Center for Archival Collections
December 1992: Volume 11, Number 3
America's Citizen Soldiers
Vietnam Veterans Against the War marched to a Peace Rally at BGSU on October 23, 1972. University Archives Photograph Collection.
Whenever the United States has been involved in war, civilians have filled the ranks of both combat and support troops. Large troop commitments affected every facet of life at home, from politics to the family circle. Because wartime was such an intense experience, the troops involved often felt inspired to record their impressions, not only through letters home, but also in journals (sometimes kept through combat), photographs, scrapbooks, and later memoirs. Their families preserved these war-related writings,
adding their own diaries and letters from the time, even when they did not preserve their peace-time papers. Many such valuable resources are available to researchers at the Center for Archival Collections.
Soldiers' letters and journals are most commonly found in family papers. Lonely young men far away from home, perhaps for the first time, wrote as often as they were able and eagerly awaited news from home. During the Civil War when military units were recruited from particular geographical regions, brothers, cousins, and neighbors served together. The letters they sent and received were shared widely. Over two dozen such collections are available at the CAC, many from men serving in the same unit. Examples include the George Kryder Papers (MS 163) and the Isaac Skillman Papers (MMS 1083) of the Third Ohio Volunteer Cavalry, or the papers of William Shanks (MMS 1172), Samuel Linton (MMS 1070), and Liberty Warner (MS 624) of the 21st Ohio Volunteer Infantry. They supplement one another, detailing camp life, military supplies, troop movements, events of battle, and news about other soldiers. Letters from home such as the Webb Family Papers (MS 518) or the Hill Family Papers (MS 190) have also been preserved, providing a glimpse of daily life in northwest Ohio.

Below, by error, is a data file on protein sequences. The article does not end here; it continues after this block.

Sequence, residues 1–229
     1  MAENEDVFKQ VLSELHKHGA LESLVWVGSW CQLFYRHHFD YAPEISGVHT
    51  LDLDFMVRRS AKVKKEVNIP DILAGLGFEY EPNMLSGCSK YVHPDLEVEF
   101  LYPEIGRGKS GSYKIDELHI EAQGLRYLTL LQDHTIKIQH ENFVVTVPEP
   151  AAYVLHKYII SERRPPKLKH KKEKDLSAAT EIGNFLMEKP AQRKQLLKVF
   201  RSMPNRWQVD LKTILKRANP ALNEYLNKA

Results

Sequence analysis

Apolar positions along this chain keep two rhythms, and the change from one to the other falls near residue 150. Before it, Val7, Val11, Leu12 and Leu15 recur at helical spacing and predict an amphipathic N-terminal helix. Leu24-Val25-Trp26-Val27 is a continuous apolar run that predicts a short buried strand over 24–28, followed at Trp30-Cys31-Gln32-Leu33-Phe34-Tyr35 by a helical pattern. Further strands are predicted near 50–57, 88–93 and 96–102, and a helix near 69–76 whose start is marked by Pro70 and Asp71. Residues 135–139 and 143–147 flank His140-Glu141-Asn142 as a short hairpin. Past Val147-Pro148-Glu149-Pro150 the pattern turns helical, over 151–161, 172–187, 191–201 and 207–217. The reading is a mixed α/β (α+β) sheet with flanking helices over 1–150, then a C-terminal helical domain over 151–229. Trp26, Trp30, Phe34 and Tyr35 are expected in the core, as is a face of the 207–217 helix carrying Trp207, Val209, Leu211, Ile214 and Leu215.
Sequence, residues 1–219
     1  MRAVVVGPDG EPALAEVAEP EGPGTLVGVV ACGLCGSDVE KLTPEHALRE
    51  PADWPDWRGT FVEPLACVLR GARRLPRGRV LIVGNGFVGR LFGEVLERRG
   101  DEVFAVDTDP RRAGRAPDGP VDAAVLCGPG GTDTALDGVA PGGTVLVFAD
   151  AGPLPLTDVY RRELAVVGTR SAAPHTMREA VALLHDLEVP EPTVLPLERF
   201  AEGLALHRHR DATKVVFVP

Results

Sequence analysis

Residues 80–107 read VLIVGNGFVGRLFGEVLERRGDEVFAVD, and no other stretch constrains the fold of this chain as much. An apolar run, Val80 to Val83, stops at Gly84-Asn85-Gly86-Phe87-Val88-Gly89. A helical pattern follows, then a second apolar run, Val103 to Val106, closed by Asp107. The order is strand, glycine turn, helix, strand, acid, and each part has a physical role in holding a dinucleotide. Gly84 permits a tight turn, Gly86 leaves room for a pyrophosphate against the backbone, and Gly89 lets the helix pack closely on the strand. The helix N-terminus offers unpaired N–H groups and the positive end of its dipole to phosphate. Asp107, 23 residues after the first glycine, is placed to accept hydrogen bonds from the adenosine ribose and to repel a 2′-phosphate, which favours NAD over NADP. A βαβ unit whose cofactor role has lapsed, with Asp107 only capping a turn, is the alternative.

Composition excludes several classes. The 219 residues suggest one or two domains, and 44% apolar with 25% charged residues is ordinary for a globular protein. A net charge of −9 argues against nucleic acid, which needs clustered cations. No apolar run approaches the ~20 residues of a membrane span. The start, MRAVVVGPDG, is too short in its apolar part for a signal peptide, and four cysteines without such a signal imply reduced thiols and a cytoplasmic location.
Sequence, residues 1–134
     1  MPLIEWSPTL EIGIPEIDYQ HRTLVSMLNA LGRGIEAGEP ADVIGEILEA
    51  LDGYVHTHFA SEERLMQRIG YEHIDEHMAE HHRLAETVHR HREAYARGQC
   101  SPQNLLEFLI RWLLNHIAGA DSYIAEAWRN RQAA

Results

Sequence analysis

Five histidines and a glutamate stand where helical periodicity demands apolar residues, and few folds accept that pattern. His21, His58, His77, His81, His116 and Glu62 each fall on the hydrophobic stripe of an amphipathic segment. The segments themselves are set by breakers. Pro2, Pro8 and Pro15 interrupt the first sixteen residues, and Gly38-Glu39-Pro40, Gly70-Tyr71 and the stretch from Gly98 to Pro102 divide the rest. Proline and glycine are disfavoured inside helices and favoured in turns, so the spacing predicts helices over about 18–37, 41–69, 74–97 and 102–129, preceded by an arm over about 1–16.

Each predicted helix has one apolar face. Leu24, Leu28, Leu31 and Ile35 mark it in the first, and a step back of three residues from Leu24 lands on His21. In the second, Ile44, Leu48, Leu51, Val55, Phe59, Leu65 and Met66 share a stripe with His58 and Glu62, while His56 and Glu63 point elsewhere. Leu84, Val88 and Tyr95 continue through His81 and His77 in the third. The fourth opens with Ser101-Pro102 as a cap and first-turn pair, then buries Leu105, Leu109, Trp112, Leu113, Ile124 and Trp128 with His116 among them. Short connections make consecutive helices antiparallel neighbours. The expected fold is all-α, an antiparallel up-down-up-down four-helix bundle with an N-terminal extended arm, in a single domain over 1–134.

Journals reflect day-by-day the soldiers' experiences and impressions and often were used by survivors when they wrote their memoirs or compiled regimental histories. Each war has produced its share of such documents, and a comparison between wars is interesting in itself. Enlistments in the Civil War ranged from as short as one month, three months, 100 days, or up to three years. Training often consisted of parade drills when the unit was encamped. During the First and Second World War, however, troops were assigned to permanently-established units according to the needs of the armed forces. Minimum enlistments of "two years or the duration" and extended training in boot camp provided troops with the skills and experience to perform effectively in combat and efficiently behind the lines.
The G. I. Bill gave thousands of World War II veterans the opportunity to attend college. The gymnasium at BGSU was put to use as a dormitory to house the flood of new students. University Archives Photograph Collection.
Mary Francis Goldman Klein (MS 197), Josephine Suter Kronfield (MMS 364) and Annie Laurie Turnbull Panning (MS 241) were among the women to serve in the WACs and the WAVES during World War II. Their letters and scrapbooks provide a unique perspective on military service and the changing roles of women. Collections of letters from this period often include "V-Mail." Letters written on standard stationery were microfilmed for shipment
overseas and an enlargement was printed for the recipient.